Changing Windows Console Colours

I’ve always found it useful to have the Windows prompt (console, terminal or DOS Prompt) window showing in different colours. Rather than the boring white text on black background, I find it useful to have different windows running different colour combinations – this helps a lot when doing different things in different windows. Visually knowing that a script is running in the red window or the green window, etc. quickly helps to find the right window and saves a couple of seconds each time on.

Manually – from the GUI

Once you start the command prompt, you can click on the top-left to bring up the menu and select either “Defaults” or “Properties”. Changing “Properties” will change it for the current window while changing “Defaults” will change it for the shortcut/ command that started this window. So, every time you start the command prompt the same way, it will give you the updated colours.

Clicking on either of the two brings up the settings – navigate to the ‘Colors’ part and you’ll see the screen below to adjust the colours of the window.

Manually – the color command

The color command on Windows is basically what we need to use. Bring up the help for the command shows us this.

E:\blog>color /?
Sets the default console foreground and background colors.

COLOR [attr]

  attr        Specifies color attribute of console output

Color attributes are specified by TWO hex digits -- the first
corresponds to the background; the second the foreground.  Each digit
can be any of the following values:

    0 = Black       8 = Gray
    1 = Blue        9 = Light Blue
    2 = Green       A = Light Green
    3 = Aqua        B = Light Aqua
    4 = Red         C = Light Red
    5 = Purple      D = Light Purple
    6 = Yellow      E = Light Yellow
    7 = White       F = Bright White

If no argument is given, this command restores the color to what it was
when CMD.EXE started.  This value either comes from the current console
window, the /T command line switch or from the DefaultColor registry

The COLOR command sets ERRORLEVEL to 1 if an attempt is made to execute
the COLOR command with a foreground and background color that are the

Example: "COLOR fc" produces light red on bright white

So, that’s what we need to do to change the colour from the command line – the example below changes the colour to white text on a green background.

E:\blog>color 2f

Changing colours when launching cmd.exe

Starting cmd.exe with a /T switch followed by the colour combination will start the command window with the colours as you want. So, if you did cmd.exe /T:2f, it would start a command window with the colours set to white text on a green background.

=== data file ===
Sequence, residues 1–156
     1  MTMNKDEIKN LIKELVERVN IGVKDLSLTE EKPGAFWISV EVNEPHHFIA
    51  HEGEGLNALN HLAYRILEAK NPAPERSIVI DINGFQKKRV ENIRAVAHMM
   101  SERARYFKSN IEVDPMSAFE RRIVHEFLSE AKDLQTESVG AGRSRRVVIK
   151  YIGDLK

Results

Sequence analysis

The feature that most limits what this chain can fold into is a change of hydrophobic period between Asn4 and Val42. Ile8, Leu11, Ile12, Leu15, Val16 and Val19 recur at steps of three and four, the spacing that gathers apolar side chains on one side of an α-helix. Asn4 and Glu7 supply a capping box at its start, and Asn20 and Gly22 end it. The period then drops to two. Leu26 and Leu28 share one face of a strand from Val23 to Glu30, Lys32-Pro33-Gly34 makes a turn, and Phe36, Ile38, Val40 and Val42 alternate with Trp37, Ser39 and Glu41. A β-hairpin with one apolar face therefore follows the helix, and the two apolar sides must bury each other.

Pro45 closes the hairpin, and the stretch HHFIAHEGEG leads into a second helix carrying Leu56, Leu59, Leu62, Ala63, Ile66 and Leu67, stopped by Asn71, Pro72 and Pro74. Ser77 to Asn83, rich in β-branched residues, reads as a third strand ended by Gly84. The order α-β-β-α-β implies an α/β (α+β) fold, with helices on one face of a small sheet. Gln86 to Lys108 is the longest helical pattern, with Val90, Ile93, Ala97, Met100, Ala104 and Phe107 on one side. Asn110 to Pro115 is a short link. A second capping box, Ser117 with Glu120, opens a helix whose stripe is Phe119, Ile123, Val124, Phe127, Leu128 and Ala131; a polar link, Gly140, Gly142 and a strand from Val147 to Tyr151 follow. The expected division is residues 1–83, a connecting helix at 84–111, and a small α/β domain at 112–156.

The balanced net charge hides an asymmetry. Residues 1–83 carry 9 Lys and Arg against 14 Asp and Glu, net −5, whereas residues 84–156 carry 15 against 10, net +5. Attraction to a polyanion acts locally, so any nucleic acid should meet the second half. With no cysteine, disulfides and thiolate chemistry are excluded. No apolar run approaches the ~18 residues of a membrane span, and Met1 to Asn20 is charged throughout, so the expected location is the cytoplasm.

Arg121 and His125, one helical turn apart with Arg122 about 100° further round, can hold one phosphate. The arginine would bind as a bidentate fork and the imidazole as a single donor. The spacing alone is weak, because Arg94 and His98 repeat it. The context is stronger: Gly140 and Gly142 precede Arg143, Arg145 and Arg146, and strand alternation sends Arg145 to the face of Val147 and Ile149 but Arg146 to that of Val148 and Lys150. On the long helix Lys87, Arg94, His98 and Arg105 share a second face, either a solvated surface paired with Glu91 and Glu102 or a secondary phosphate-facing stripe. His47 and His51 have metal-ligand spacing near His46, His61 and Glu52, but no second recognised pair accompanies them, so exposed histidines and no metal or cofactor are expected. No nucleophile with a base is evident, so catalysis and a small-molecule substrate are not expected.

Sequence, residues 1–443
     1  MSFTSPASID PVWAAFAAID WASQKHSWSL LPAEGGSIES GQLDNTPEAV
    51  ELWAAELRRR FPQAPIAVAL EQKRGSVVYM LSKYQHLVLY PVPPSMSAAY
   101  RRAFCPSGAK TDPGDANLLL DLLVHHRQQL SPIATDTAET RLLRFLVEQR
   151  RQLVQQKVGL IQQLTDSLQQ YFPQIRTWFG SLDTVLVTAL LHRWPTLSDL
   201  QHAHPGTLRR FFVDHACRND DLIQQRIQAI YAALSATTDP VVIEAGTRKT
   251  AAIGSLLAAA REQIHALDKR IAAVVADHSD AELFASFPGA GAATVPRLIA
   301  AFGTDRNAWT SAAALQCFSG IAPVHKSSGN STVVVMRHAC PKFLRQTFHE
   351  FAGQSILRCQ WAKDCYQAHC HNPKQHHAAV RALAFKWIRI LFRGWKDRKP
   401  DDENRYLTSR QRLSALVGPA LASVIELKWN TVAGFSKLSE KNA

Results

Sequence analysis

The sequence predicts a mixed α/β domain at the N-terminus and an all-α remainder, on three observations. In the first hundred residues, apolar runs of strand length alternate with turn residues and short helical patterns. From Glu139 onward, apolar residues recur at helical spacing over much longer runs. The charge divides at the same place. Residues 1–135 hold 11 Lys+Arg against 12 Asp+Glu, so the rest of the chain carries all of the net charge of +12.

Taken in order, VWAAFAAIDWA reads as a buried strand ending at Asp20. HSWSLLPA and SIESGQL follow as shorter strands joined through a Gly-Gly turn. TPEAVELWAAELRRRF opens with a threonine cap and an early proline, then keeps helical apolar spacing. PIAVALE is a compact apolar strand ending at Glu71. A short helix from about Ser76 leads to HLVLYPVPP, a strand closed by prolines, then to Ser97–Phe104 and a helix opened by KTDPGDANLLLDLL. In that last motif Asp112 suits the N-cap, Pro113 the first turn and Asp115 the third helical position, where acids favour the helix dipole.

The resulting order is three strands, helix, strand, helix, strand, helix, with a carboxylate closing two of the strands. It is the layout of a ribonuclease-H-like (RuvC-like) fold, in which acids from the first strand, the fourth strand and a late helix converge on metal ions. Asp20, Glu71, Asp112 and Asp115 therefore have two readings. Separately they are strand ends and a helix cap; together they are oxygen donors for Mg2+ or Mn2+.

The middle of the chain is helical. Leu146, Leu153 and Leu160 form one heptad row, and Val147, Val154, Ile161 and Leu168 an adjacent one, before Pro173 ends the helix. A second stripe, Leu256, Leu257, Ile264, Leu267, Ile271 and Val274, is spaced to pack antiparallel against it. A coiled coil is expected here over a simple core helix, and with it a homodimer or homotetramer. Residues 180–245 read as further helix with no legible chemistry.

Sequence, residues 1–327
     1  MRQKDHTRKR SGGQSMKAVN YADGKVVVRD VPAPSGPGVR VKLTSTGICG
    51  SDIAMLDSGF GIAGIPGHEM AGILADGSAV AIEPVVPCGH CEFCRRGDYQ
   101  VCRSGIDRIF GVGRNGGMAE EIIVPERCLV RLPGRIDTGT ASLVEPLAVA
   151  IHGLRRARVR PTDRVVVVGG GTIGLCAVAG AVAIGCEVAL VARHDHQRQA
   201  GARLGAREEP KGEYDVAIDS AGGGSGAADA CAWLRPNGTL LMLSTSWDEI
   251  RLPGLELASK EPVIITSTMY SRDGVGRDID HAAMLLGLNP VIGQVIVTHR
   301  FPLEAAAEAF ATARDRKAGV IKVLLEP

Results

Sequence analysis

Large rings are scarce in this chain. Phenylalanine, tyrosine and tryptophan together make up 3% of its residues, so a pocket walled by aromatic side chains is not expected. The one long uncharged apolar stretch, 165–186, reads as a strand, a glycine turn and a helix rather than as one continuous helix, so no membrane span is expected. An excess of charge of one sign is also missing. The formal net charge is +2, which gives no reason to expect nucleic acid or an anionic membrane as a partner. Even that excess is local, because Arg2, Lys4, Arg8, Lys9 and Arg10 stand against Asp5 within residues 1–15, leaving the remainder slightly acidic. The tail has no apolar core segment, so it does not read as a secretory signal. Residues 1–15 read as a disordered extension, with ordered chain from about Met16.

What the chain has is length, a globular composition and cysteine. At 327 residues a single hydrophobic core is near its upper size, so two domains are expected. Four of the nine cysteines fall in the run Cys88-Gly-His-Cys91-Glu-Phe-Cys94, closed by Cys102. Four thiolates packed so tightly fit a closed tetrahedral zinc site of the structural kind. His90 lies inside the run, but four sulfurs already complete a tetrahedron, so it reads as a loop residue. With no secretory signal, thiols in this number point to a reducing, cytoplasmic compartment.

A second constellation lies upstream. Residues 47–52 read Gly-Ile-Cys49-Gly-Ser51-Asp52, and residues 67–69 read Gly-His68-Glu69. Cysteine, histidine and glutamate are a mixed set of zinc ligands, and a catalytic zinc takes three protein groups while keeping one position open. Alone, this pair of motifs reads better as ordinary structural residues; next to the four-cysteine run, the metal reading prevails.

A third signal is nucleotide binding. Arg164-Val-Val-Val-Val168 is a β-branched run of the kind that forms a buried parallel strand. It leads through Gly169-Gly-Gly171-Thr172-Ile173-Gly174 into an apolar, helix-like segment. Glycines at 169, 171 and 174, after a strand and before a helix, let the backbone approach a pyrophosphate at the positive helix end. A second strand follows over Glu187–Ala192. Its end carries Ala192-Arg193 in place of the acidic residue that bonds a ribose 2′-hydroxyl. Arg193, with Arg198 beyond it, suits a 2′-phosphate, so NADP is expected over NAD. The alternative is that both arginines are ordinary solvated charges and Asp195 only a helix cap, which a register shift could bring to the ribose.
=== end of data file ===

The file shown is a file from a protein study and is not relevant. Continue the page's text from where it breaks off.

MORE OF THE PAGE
So, one way to set up for different colours in different command prompt windows. One way could be to have different shortcuts that either have different settings configured either through:

  • Adjusting the defaults after starting the command prompt from that shortcut
  • Adjusting the command link properties and adding the /T parameter

My Setup – CMD files

Remembering and doing this as required on the command line is easy to do, but I do find it a bit tough to remember the colour combinations and picking them. So, what I’ve done is created different command files that have just the single colour comination line in it.

So, in my case, I have:

  • green.cmd has just color 2f in it
  • blue.cmd has color 1f
  • black.cmd has color 0f
  • black-old.cmd has color 0A
  • white.cmd has color f1

Then, I put these into a directory on my Windows path so that now, in my command window, I can just do:


…and it will change the console to the white text on a green background. Then, white.cmd changes it to blue text on a white background.

Putting this to Use

There are a few ways to make this work for us:

  • The main use for me is to use different command windows with different colours to visually differentiate windows that are doing different things.
  • We can also code in color commands into CMD files to change the colurs of command windows as scripts/ programs run. For example, we have some tools that are orchestrated through CMD files. Adding color commands into the script as it passes through stages allows us to visually update the status.

A word of caution

Some scripts and command line programs output coloured text to the console – this may not always work so well if their assumptions of the basic colours are not met due to us changing the colours on our own.

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